theatlantic:

This Watch Tells When You Will Die

In 2005, Steve Jobs told a class of graduating students at Stanford University, “for the past 33 years, I have looked in the mirror every morning and asked myself: ‘If today were the last day of my life, would I want to do what I am about to do today?’”
The idea that we should live each day like it was our last isn’t new, of course, and is supposed to inspire us to, you know, go sky-diving, Rocky-Mountain climbing, and the like. But how would you live this day if it wasn’t your last, but rather the 19,718th-to-last? Or the 8,657th?
A new watch called Tikker claims to have created a way to calculate approximately when, according to its creators, a person is likely to die, and then to input that date into a wristwatch. The idea is that being constantly reminded of his or her own mortality will nudge the wearer to live life to the fullest.
Read more. [Image: Tikker]


This is probably one of the dumbest things ever. “For only $60, you too can own this questionably accurate, constant reminder of the transience and fragility of life!” As if that fact isn’t readily apparent already. As if anyone needs another gadget vying for their attention and making them worry. You’re better off reading that timeline I posted a few hours ago…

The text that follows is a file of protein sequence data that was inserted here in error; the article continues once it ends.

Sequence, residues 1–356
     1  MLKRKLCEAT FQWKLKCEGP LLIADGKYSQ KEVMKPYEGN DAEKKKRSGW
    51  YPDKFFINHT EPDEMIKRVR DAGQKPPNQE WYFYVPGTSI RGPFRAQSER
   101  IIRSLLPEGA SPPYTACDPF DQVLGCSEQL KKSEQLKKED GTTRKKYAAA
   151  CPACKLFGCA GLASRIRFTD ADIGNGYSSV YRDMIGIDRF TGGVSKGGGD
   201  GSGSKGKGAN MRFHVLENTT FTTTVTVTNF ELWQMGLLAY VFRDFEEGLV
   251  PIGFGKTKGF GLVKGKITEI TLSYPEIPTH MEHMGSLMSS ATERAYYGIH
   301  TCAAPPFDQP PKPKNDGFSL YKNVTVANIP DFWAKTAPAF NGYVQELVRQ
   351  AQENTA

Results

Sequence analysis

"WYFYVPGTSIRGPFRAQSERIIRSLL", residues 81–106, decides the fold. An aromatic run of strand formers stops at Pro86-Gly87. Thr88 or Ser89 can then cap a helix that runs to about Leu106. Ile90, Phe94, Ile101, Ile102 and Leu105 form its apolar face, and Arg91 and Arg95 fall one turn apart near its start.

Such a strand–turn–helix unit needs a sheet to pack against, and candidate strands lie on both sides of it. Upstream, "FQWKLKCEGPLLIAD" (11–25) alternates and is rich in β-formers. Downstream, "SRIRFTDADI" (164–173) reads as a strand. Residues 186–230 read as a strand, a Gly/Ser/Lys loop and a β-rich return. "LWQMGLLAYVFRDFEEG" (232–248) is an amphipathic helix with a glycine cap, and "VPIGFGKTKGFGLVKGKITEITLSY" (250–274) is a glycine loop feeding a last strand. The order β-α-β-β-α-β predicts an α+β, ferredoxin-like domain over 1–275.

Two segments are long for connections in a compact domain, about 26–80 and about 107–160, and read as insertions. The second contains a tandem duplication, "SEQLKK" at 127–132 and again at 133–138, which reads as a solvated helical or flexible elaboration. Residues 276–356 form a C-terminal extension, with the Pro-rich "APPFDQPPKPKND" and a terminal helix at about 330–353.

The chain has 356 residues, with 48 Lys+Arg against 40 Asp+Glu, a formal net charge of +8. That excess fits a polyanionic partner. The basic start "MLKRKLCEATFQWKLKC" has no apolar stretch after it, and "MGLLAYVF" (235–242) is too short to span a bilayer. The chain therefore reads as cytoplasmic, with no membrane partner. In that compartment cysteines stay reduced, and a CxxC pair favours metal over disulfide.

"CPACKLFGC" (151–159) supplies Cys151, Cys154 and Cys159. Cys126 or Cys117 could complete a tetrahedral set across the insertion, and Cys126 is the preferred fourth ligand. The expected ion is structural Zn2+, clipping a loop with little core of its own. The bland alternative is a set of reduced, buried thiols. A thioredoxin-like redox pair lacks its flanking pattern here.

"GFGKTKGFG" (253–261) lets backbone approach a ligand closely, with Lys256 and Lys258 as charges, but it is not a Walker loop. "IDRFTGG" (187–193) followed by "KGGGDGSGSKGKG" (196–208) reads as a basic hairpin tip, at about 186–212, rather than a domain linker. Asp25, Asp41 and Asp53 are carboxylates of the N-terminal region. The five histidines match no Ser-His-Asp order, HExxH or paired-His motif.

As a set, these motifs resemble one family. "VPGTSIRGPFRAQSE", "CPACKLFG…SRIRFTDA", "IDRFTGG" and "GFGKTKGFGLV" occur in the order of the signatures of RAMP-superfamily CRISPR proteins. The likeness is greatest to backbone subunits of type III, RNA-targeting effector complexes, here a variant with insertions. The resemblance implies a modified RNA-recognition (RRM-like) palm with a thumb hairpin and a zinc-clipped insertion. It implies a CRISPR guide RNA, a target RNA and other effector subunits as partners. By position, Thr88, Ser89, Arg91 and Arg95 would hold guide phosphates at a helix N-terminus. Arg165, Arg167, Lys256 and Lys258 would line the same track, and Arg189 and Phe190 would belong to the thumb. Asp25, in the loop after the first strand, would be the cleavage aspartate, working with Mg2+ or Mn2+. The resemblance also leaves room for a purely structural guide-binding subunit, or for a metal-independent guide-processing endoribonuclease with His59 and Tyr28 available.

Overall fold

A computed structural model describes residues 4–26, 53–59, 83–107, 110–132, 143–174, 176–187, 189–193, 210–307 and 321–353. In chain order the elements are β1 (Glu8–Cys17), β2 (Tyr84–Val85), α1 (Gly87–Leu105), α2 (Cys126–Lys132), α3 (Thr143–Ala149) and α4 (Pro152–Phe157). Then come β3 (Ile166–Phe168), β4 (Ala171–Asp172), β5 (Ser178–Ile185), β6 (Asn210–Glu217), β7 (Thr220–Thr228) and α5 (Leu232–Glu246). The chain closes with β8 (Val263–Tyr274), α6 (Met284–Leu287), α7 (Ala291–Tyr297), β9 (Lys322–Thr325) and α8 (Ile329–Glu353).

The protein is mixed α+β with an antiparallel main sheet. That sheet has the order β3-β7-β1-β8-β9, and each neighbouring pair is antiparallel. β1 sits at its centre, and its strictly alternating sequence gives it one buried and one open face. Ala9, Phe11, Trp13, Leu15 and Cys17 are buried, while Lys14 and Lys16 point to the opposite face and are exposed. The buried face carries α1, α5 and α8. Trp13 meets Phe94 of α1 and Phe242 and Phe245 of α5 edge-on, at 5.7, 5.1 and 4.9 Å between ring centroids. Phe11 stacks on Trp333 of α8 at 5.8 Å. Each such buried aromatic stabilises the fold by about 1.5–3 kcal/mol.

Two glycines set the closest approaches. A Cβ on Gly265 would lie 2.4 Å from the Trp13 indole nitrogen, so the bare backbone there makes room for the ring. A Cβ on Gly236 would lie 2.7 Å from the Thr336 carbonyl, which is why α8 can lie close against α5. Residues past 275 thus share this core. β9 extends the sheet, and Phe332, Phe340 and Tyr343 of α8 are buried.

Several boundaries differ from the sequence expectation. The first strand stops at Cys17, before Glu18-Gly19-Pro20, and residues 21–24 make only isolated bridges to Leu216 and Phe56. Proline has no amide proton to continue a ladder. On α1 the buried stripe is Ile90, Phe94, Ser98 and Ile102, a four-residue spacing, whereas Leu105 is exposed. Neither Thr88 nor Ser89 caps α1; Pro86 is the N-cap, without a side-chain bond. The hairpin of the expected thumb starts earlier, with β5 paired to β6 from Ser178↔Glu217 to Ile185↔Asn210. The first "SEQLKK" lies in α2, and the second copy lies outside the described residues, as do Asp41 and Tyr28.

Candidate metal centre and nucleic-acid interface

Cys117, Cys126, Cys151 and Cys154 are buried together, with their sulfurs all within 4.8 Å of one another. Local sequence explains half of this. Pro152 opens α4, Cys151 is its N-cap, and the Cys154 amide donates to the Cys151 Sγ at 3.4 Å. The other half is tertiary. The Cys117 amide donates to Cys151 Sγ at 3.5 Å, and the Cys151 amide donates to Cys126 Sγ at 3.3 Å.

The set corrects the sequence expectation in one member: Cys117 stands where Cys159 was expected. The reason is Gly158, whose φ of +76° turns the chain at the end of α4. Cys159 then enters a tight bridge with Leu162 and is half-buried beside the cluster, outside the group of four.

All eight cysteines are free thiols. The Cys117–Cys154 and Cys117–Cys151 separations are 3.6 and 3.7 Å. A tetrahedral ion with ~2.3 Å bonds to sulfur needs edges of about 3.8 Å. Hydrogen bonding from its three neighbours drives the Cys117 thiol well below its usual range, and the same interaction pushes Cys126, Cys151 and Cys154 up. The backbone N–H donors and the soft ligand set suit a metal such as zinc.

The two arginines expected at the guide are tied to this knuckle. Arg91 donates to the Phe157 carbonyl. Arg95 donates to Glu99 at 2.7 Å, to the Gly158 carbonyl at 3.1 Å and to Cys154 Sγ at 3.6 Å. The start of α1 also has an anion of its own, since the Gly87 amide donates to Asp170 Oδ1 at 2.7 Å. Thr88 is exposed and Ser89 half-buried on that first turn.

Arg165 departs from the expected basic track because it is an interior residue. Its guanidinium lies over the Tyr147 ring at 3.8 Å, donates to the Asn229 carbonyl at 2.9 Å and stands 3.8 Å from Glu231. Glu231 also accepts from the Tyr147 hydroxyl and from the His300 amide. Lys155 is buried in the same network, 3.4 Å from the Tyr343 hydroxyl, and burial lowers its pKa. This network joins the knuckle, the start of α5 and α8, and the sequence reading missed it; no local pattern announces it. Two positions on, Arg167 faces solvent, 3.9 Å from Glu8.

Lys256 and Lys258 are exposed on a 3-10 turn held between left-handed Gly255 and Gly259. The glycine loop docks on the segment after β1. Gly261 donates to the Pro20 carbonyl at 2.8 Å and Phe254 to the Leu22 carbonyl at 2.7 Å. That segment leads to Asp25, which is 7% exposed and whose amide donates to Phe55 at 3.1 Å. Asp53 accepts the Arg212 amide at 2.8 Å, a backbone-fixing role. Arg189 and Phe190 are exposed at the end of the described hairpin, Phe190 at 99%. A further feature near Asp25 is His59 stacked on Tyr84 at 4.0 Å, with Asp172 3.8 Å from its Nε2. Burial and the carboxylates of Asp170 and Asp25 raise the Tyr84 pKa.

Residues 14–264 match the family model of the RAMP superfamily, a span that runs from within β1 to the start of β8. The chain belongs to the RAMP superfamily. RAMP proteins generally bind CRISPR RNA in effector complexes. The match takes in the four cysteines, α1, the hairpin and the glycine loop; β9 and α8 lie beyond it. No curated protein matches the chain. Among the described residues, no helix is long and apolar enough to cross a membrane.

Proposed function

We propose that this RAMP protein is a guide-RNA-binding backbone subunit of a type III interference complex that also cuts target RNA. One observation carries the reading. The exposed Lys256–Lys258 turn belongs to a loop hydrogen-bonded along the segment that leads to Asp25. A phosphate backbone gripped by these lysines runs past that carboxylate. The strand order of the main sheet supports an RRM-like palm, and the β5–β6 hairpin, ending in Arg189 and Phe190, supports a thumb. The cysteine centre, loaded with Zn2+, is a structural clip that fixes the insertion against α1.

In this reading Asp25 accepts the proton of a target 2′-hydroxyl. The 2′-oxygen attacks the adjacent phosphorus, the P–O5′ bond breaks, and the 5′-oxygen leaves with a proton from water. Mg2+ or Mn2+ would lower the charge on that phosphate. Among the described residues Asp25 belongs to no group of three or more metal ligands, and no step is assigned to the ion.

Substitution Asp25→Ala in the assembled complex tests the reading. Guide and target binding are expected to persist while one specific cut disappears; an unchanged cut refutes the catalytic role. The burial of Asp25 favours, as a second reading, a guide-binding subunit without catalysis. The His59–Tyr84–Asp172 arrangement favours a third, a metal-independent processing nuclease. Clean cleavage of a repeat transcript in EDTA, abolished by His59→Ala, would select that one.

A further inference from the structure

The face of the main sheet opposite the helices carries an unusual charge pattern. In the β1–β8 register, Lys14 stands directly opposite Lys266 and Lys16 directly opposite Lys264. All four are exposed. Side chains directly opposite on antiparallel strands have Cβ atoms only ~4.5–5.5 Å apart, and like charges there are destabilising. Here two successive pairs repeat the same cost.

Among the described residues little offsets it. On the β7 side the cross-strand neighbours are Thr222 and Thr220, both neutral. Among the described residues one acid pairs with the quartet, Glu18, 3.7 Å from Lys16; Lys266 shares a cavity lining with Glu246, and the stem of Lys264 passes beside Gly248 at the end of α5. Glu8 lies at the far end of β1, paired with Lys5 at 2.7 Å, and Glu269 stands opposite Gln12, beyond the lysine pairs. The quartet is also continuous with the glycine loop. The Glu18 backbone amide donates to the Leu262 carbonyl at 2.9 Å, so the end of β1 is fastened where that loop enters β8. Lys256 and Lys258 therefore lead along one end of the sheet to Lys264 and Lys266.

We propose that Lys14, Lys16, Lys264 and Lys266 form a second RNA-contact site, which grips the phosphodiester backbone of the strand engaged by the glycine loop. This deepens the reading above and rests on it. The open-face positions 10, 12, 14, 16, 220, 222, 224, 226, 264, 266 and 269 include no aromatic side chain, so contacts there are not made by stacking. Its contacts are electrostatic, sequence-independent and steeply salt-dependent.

theatlantic:

This Watch Tells When You Will Die

In 2005, Steve Jobs told a class of graduating students at Stanford University, “for the past 33 years, I have looked in the mirror every morning and asked myself: ‘If today were the last day of my life, would I want to do what I am about to do today?’”

The idea that we should live each day like it was our last isn’t new, of course, and is supposed to inspire us to, you know, go sky-diving, Rocky-Mountain climbing, and the like. But how would you live this day if it wasn’t your last, but rather the 19,718th-to-last? Or the 8,657th?

A new watch called Tikker claims to have created a way to calculate approximately when, according to its creators, a person is likely to die, and then to input that date into a wristwatch. The idea is that being constantly reminded of his or her own mortality will nudge the wearer to live life to the fullest.

Read more. [Image: Tikker]

This is probably one of the dumbest things ever. “For only $60, you too can own this questionably accurate, constant reminder of the transience and fragility of life!” As if that fact isn’t readily apparent already. As if anyone needs another gadget vying for their attention and making them worry. You’re better off reading that timeline I posted a few hours ago…